DR Prints compared to drum scan print-advice pls!!

Discussion in 'B&W: Film, Paper, Chemistry' started by brettgoodhew, Jan 22, 2013.

  1. brettgoodhew

    brettgoodhew Member

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    I finally got my darkroom set up and have started making prints . When I compare my darkroom prints to the prints I have made from the same negative that I have had drum scanned, the darkroom prints come out quite a bit softer. I'm printing from 4x5, so was expecting super sharp 'popping' images. The prints I have made from the scans are super sharp, so I know the problem isn't the negatives. I'm using a Rodenstock Rodagon 135mm, which I believe is a good lens, and I'm printing at f8 to f11. My question is this: Is it to be expected that professionally scanned negs will produces sharper more detailed results than darkroom prints, or am I doing something wrong? Any advice appreciated. Thanks in advance...
     
  2. fotch

    fotch Member

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    Hello and welcome to APUG. I have no knowledge of the scanning although it does not seem that it would be possible for the scans to be sharper. Are the negatives sharp when looking at them with a loop?
     
  3. hgernhardt

    hgernhardt Member

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    From what little I've gathered, most drum scans are done with a wet-mounting process. This enhances sharpness and clarity to a degree not otherwise obtainable. I understand that you can wet-mount negatives on a glass carrier in your enlarger, though the process is a bit messy.

    Also check:
    • the alignment of your negative stage, lensboard, and baseboard.
    • the flatness of your negative in the carrier.
    • the safeness of your safelight
    • the freshness of your paper and chemistry

    Good luck, and have fun! Please, let me know if you do wind up wet-mounting your negs—I've been considering the relative merits of doing the same myself.
     
  4. tim k

    tim k Member

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    Vibrating enlarger head? Need a little bit more contrast?
     
  5. Prof_Pixel

    Prof_Pixel Member

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    Your question is one of those that bridges the APUG and DPUG forums.

    Sharpness is a subjective response and is very much affected by image edge contrast. The drum scan will surely have some sharpening applied (because the scanning process involves some loss of sharpness). This can probably explain the difference between the digital and analog prints. Note that there IS an analog process (USM - unsharp masking) that can achieve the same results, but it's rather involved.
     
  6. MattKing

    MattKing Subscriber

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  7. Bill Burk

    Bill Burk Subscriber

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    Woah posted to wrong thread.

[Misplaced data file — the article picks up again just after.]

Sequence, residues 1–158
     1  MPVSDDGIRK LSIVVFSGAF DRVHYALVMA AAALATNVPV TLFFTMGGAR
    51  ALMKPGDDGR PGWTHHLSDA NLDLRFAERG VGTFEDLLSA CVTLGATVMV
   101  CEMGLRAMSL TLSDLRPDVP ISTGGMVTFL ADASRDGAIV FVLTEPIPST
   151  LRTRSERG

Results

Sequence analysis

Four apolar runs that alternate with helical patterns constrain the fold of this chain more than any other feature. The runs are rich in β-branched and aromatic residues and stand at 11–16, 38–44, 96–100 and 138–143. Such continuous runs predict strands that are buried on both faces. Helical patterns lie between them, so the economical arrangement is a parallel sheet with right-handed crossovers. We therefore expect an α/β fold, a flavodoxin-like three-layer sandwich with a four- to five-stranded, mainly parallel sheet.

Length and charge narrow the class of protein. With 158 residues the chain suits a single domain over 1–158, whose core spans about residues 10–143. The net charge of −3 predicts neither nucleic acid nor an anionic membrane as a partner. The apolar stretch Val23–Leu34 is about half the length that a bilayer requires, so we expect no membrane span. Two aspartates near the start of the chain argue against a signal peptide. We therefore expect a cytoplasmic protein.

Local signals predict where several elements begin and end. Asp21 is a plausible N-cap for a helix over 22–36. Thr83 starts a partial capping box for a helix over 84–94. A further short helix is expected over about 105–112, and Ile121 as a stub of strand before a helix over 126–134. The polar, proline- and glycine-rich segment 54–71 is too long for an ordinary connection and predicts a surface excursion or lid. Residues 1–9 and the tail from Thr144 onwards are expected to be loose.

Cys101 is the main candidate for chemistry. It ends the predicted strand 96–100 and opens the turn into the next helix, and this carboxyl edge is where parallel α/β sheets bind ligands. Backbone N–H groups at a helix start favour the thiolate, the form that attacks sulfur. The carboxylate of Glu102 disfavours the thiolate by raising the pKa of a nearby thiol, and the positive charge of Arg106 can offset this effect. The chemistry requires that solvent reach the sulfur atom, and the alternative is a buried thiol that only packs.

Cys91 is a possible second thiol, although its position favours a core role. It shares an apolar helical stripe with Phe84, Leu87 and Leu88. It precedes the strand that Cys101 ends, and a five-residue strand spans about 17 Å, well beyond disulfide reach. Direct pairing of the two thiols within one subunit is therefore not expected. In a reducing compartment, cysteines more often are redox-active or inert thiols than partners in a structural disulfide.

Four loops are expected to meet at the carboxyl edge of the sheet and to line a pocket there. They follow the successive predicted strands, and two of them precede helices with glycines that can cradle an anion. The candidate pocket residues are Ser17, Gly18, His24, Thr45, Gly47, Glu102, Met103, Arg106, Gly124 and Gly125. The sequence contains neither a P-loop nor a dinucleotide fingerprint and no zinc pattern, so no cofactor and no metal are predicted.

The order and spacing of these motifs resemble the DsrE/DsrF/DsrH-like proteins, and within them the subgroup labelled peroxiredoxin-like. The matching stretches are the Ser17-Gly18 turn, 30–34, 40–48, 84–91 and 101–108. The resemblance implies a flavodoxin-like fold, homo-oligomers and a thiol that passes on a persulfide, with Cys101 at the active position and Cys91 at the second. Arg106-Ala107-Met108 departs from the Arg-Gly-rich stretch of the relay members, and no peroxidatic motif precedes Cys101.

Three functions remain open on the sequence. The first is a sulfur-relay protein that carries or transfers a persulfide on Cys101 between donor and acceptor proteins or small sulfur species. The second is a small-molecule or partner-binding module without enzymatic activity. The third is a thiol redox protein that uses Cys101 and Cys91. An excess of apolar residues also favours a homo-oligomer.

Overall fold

I can say something relevant though. I had an APUG member come to my darkroom to print one of his Medium Format negs on Silver Gelatin to see if he could meet the sharpness in his hybrid prints.

    I liked the darkroom print better (no surprise there) and saw better resolution in terms of blades of grass that I could count, where he saw softness and held a preference to the printouts.
     
    Last edited by a moderator: Jan 23, 2013
  8. EASmithV

    EASmithV Member

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    It's possible that your enlarger lens is lacking, or that you're stopping it down to the point that you're encountering diffraction.

    Careful about mentioning scanners around here, they'll chase you off with pitchforks.


    *edit*

    read the post more carefully... Rodagon and f11... nevermind.


    How long are you exposure times for printing? Its possible the focus of the enlarger is drifting during printing.
     
  9. Bob Carnie

    Bob Carnie Subscriber

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    I would think you are not using a glass carrier and possible neg popping.
    I do both every day and one would not expect to be sharper or softer with a scanned print.

    excessive sharpening aside you can pretty much mimic darkroom and digital prints .
     
  10. George Collier

    George Collier Member

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    Also be sure that both front and back of the enlarger lens are clean.
    Also, the scan digi side of this can involve a lot of "falsified" sharpness, as others have indicated.
    A hybrid site would be a good place to repost this question.
     
  11. luizjorgemn

    luizjorgemn Member

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    Try making a direct print (contact print) and see if the sharpness is there. Depending on the answer you can exclude some causes of softness


    Sent from my iPad using Tapatalk HD
     
  12. polyglot

    polyglot Member

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    Depends what you mean by soft since we don't have the images in question to look at or some sort of baseline to consider. We can't tell if some shortfall in equipment (e.g. poorly stabilised enlarger can cause blurry prints due to its fan vibrating the head) or technique is causing softness.

    If there's any unsharp-masking (USM) applied to the hybrid process then clearly that will look superior. You can of course make a physical unsharp mask for your wet printing and achieve the same excellent result, but it's a tad laborious.

    Do you see a difference in resolution or acutance?